There is no doubt that the way we are teaching is changing as is the way students learn, so changes in grades may not be a simple matter of dumbing down. Worth studying.

    • Greg, I don’t disagree that a proper analysis might be helpful, but that’s not what is happening here. We are told that whoever it is that is doing these ‘investigations’ are to report before the end of the week, and indeed Fine Gael’s Brian Hayes is even suggesting publication of a full report by this Thursday! I very much doubt that’s going to be a ‘proper scientific study of grade inflation’!

  8. Mike Scott Says:

    The reasons for grade inflation are very simple. Mark tough and all hell breaks loose: Pressure about student retention from management, trouble with parents, trouble with students, poor ratings from students (which affects promotion prospects!), appeals to deal with, more paperwork, more repeat exams to mark, more repeat assessments to set, unwanted attention from the quality guardians and external examiners, and basically attracting all the flak. Mark easy – nothing happens and you have an easy life, everyone thinks your a great teacher. OK we resist for years, but the pressure is all in one direction. No one wants to be the stand-out guy marking down students more than anyone else. Attempts by individual lecturers to hold the line and maintain standards are never rewarded. At least I have never known it to happen.

    • Perry Share Says:

      Generally speaking the approach described here – ‘Mark tough and all hell breaks loose … mark easy – nothing happens and you have an easy life’ does not reflect the reality in my institution anyway, based on observations of examination boards over the last decade or so, nor at the four other institutions where I have been an external examiner.

      In fact the intelligent discussion and monitoring of outcomes, informed by good quality external examiners from both Ireland and overseas has, in my view, improved over that period (‘quality inflation’, perhaps?). I have not seen any significant process of grade inflation, and I think that in many respects the demands that are made of students in terms of their work, have increased.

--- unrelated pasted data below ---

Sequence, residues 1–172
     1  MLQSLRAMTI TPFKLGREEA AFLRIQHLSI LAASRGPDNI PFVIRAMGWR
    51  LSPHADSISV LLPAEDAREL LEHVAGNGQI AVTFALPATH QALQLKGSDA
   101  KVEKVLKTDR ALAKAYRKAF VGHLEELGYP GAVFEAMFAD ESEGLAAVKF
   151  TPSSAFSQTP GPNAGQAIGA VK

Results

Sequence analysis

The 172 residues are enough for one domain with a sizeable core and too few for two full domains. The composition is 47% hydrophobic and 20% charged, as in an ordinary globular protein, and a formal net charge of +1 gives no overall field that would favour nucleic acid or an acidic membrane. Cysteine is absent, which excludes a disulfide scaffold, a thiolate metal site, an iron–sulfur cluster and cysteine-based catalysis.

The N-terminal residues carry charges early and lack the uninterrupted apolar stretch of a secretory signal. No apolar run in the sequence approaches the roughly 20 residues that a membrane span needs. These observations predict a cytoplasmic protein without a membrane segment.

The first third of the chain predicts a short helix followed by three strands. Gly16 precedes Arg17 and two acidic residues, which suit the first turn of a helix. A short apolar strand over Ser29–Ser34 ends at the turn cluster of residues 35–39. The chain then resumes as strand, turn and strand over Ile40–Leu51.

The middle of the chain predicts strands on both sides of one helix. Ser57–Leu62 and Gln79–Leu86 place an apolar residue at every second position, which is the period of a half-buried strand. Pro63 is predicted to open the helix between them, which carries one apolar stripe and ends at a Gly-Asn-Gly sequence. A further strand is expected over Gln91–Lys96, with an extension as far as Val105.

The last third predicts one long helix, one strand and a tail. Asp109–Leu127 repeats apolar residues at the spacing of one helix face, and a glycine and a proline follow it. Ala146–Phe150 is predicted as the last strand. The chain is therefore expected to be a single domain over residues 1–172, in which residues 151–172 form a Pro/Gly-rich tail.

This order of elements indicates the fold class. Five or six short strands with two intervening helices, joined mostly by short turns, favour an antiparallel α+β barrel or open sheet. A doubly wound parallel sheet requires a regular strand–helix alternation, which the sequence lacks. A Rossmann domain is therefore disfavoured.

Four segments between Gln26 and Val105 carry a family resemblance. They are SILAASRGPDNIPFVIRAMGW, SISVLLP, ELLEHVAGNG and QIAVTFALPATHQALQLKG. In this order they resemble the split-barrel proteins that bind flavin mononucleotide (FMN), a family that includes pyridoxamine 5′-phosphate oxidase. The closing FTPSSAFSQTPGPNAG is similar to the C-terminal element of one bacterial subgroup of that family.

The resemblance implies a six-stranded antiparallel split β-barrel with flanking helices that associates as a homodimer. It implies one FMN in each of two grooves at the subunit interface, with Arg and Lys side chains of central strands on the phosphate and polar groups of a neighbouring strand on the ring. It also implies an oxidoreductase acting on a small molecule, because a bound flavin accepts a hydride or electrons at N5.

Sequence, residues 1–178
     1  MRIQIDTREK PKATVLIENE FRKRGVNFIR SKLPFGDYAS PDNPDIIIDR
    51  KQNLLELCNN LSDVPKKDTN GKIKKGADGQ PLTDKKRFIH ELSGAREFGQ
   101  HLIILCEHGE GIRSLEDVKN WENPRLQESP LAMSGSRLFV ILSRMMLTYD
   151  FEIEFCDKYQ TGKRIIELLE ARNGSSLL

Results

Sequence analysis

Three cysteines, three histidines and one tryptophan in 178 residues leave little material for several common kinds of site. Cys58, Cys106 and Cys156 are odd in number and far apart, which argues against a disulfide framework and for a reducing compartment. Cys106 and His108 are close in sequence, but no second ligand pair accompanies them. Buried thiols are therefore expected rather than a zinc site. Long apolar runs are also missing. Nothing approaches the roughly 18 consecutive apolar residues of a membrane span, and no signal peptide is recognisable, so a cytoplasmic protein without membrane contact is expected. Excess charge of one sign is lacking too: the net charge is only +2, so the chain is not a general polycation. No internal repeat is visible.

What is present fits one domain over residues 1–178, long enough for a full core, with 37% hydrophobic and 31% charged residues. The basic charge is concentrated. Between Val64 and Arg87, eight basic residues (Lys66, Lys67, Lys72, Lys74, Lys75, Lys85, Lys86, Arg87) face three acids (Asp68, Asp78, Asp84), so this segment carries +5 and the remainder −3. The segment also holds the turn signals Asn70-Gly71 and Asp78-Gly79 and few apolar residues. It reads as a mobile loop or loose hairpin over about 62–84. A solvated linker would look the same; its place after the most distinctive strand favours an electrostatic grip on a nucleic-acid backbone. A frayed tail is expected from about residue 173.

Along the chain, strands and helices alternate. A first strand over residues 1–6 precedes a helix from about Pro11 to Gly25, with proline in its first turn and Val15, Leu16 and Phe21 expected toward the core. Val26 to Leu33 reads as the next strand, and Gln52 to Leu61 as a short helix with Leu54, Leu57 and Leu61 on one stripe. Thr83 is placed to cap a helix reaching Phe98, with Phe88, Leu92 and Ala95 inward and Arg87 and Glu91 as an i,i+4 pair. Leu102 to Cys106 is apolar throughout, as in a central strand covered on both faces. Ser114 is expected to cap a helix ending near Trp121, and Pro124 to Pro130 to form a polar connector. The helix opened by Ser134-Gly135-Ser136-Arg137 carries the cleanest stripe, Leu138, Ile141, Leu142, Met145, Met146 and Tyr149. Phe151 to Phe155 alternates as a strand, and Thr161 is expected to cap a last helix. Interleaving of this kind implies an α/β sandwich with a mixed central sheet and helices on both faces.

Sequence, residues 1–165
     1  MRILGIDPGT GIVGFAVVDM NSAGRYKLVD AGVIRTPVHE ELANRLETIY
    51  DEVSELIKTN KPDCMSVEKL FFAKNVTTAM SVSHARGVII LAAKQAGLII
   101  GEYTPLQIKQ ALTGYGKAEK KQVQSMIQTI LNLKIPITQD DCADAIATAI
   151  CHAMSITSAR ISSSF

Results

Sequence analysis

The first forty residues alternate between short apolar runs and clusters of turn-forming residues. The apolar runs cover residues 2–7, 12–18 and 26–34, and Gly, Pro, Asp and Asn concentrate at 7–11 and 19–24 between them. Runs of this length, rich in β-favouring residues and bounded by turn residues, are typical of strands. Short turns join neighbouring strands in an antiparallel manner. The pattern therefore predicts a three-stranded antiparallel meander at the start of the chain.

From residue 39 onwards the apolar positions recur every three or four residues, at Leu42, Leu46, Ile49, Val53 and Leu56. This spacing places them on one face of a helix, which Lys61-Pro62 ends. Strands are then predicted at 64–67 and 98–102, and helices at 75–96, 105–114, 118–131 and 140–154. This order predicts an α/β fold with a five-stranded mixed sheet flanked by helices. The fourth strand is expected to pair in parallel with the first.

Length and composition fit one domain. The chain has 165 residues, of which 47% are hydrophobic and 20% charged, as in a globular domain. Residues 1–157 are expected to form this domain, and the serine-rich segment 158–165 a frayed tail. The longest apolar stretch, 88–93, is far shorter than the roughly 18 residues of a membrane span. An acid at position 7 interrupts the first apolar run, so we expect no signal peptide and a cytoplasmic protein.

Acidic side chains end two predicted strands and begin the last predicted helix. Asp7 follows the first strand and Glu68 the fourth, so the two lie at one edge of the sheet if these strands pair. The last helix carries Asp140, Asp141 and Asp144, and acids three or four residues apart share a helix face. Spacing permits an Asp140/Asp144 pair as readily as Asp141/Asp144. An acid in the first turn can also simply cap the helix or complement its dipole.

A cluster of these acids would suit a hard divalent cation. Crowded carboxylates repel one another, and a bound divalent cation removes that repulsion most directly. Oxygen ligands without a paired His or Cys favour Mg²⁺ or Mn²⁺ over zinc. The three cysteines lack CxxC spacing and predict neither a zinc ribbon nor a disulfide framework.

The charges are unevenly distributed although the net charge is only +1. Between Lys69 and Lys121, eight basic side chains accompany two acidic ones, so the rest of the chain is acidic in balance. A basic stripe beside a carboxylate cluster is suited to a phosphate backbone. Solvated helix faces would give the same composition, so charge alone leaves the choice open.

Of course the nature of education and learning; the priorities of students; the nature of their engagement with the education system; the availability of information; and the increasingly strategic and instrumental approach to teaching and learning (partly stimulated it has to be said by so-called ‘league tables’) have all impacted on the assessment process. This only goes to show how complex the issues are.

      I wouldn’t like it to be thought that one person’s view of the system, however, is thought to reflect the reality for all of us.

  9. Steve Says:

    “Are we doing what we need to do to ensure students take subjects that are critical to industry’s needs?”

    I think it would be better to ensure students take subjects they like or are interested in. But that’s just a personal opinion. First time I attempted to go to college I did something ‘practical’, something I thought would get me a good job. It wasn’t remotely what I wanted to do, so I did badly and that had a knock on effect etc. etc. blah blah. This time around I’m doing something I’m interested in, as a result I put in a tonne of effort and my marks are fantastic. People who don’t care about their subjects, or who are just there to get a degree to get a job, they’re not usually going to put in the same amount of effort as if they were really into their subject. I think putting students in a situation where everything is pushing them towards what industry demands will have a detrimental affect on not only the overall quality of the resulting degrees, but also the relative happiness of people. You get corralled into a degree and then job that you really wouldn’t have chosen if it weren’t for all the external influences trying to push you in that direction. I think it’s a bad move. I wouldn’t dream of even gently guiding my children towards anything other than what they like or are interested in. Industry be damned. Or maybe I’m reading the whole thing wrong.

  10. greg Says:

    Just been looking at the marking scheme for Leaving Cert English (Honours) – available on the web. From what I can make out ‘spelling and grammar’ counts for 10% of marks! No wonder there is a problem with writing skills at third level. Indeed the marking schemes seem very rigid (understandable up to a point) a fact that no doubt contributes to the rote learning culture and the increased incidence of higher grades.

    • Perry Share Says:

      Given the extensive nature of the Honours English curriculum at LC, why would you expect more than 10% of marks to be allocated to spelling and grammar? In how many university-level assignments would that much weight be given to these aspects?

      • Aoife Citizen Says:

        Indeed spelling is

        a) an outdated skill of which the skilled are inordinately but annoyingly proud, like ballroom dancing or woodsmanship.

        b) difficult for dyslexics, people whose relevant skills of exegesis, interpretation and expression are otherwise unimpaired.

        I believe I am the third best read person I know, but I never met anyone with naturally worse spelling.

        I made up the bit about being third, how would I know that, but you get the idea.